Sharron J. Lennon, Kim P. Johnson and Nancy A. Rudd

Source: Social Psychology of Dress, 2017, Fairchild Books Library

Book chapter + STUDIO

How do you think about yourself on an individual basis? You may have ideas about yourself as a physical being. For example, you may like your weight but not your skin. You may love your hair but not your nails. You may also have ideas about yourself as a dressed being. How do you look in jeans? In a uniform? With your hair colored? You may also have ideas about your inner personality.Relationships between dress and personality as discussed in Chapter 8. What type of person am I? What do you belie

Dress and Identity

Sharron J. Lennon, Kim P. Johnson and Nancy A. Rudd

Source: Social Psychology of Dress, 2017, Fairchild Books Library

Book chapter + STUDIO

In Chapter 9, “Dress and the Self “ we said that the self is a dynamic interactive system of beliefs, feelings, and motives that characterize you as an individual. But because humans are complex, our selves are multi-dimensional. In the mornings you attend classes (i.e., you are a student), on weekends you play basketball with other members of your team (i.e., you are an athlete). To acknowledge this diversity, we say that the self is composed of several identities. It is important to understand

Dress and Socialization

Sharron J. Lennon, Kim P. Johnson and Nancy A. Rudd

Source: Social Psychology of Dress, 2017, Fairchild Books Library

Book chapter + STUDIO

Key to the understanding of a society is the concept of social position. You will recall from Chapter 10, “Dress and Identity,” that every society, regardless of its size, is comprised of a set of social positions. For example, typically there are individuals who formally or informally lead the members of the society (e.g., Presidents, chiefs, executives) and those who follow (e.g., citizens, members, employees). This example has two simple social positions: Leader and follower.

Dress and Social Organizations

Sharron J. Lennon, Kim P. Johnson and Nancy A. Rudd

Source: Social Psychology of Dress, 2017, Fairchild Books Library

Book chapter + STUDIO

Individuals who live and interact with each other and share a set of beliefs—that is, share a culture—make up the basic features of a society. A society reflects an association of individuals that makes human behavior and relationships between individuals somewhat predictable and that enables members to solve problems. By predictable, we mean that human behavior within a society is patterned and can be discussed in terms of several interrelated parts. The size of the association of individuals ca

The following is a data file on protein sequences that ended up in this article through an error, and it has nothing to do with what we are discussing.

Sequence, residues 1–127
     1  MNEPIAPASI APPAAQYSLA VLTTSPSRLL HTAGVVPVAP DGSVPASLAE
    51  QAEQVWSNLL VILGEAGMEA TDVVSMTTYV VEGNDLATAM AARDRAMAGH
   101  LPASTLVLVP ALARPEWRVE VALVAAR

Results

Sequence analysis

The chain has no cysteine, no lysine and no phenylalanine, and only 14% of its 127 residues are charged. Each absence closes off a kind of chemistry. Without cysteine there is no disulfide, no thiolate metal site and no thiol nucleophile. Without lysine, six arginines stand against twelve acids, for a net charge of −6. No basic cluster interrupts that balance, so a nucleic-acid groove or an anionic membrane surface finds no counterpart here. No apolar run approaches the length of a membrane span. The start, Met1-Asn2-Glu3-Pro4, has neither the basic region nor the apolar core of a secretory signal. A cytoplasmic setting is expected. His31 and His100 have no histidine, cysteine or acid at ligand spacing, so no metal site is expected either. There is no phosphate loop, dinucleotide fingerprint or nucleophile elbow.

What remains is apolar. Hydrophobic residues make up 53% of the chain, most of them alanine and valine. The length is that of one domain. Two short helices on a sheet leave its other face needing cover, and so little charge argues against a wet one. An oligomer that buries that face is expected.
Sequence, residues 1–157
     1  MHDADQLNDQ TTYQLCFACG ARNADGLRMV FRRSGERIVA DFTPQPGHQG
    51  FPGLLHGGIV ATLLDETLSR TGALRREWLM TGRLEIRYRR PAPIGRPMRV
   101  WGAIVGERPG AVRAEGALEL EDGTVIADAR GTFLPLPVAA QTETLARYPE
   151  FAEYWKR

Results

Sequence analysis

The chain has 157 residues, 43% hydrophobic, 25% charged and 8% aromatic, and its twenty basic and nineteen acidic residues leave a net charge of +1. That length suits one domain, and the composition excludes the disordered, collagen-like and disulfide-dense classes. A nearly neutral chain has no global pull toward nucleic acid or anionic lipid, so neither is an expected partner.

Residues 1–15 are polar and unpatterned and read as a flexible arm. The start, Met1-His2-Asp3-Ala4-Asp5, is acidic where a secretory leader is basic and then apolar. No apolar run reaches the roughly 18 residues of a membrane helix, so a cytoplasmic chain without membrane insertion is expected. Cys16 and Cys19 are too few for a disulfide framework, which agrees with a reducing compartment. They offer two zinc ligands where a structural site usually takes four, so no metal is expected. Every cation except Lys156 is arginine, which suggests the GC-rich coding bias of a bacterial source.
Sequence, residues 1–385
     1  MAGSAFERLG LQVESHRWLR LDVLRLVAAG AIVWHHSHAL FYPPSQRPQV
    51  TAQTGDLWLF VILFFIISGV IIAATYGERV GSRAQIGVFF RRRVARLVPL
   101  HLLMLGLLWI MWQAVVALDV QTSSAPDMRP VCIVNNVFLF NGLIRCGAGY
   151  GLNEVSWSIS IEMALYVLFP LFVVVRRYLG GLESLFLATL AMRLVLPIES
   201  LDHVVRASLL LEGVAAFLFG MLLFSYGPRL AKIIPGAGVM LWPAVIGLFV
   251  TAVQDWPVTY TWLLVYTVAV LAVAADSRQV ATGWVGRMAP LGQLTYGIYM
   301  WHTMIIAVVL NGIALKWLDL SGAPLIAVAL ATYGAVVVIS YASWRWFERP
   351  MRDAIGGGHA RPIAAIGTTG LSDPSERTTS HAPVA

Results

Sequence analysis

The Classification System For Dress

Joanne B. Eicher and Sandra Lee Evenson

Source: The Visible Self. Global Perspectives on Dress, Culture, and Society, 4th Edition, 2015, Fairchild Books Library

Book chapter

At the conclusion of this chapter, you will be able to:

Physical Appearance and Dress

Joanne B. Eicher and Sandra Lee Evenson

Source: The Visible Self. Global Perspectives on Dress, Culture, and Society, 4th Edition, 2015, Fairchild Books Library

Book chapter

At the conclusion of this chapter, you will be able to:

Body, Dress, and Environment

Joanne B. Eicher and Sandra Lee Evenson

Source: The Visible Self. Global Perspectives on Dress, Culture, and Society, 4th Edition, 2015, Fairchild Books Library

Book chapter

At the conclusion of this chapter, you will be able to:

The Art of Creating Dress

Joanne B. Eicher and Sandra Lee Evenson

Source: The Visible Self. Global Perspectives on Dress, Culture, and Society, 4th Edition, 2015, Fairchild Books Library

Book chapter

At the conclusion of this chapter, you will be able to:

Ideals for Individual Appearance and the Art of Dress

Joanne B. Eicher and Sandra Lee Evenson

Source: The Visible Self. Global Perspectives on Dress, Culture, and Society, 4th Edition, 2015, Fairchild Books Library

Book chapter

At the conclusion of this chapter, you will be able to:

Introduction to Subcultural Body Style

Therèsa M. Winge

Source: Body Style, 2012, Berg Fashion Library

Book chapter

After World War II, subcultures surfaced with prominence in urban spaces within Western culture (Thompson 1998). Scholars speculate that these subcultures formed because of shared issues and common needs that set them apart from mainstream culture and society (Cohen 1955). Over time, the term “subculture” gained negative connotations for four primary reasons. First, the very term “subculture” has a prefix of “sub,” which suggests something lower or below. Second, subculture members often come fro